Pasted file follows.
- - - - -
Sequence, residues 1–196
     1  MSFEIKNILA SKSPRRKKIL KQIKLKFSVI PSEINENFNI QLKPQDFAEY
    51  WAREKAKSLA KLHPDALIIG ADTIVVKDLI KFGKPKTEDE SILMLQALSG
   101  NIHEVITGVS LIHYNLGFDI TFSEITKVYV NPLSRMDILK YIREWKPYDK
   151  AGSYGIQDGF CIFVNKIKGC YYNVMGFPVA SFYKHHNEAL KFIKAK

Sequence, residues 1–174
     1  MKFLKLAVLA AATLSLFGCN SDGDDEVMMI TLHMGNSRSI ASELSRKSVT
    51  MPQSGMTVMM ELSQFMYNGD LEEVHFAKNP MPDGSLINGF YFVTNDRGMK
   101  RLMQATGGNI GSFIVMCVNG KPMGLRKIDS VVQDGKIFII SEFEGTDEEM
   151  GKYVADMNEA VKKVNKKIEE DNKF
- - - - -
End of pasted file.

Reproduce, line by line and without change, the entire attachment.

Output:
Sequence, residues 1–196
     1  MSFEIKNILA SKSPRRKKIL KQIKLKFSVI PSEINENFNI QLKPQDFAEY
    51  WAREKAKSLA KLHPDALIIG ADTIVVKDLI KFGKPKTEDE SILMLQALSG
   101  NIHEVITGVS LIHYNLGFDI TFSEITKVYV NPLSRMDILK YIREWKPYDK
   151  AGSYGIQDGF CIFVNKIKGC YYNVMGFPVA SFYKHHNEAL KFIKAK

Sequence, residues 1–174
     1  MKFLKLAVLA AATLSLFGCN SDGDDEVMMI TLHMGNSRSI ASELSRKSVT
    51  MPQSGMTVMM ELSQFMYNGD LEEVHFAKNP MPDGSLINGF YFVTNDRGMK
   101  RLMQATGGNI GSFIVMCVNG KPMGLRKIDS VVQDGKIFII SEFEGTDEEM
   151  GKYVADMNEA VKKVNKKIEE DNKF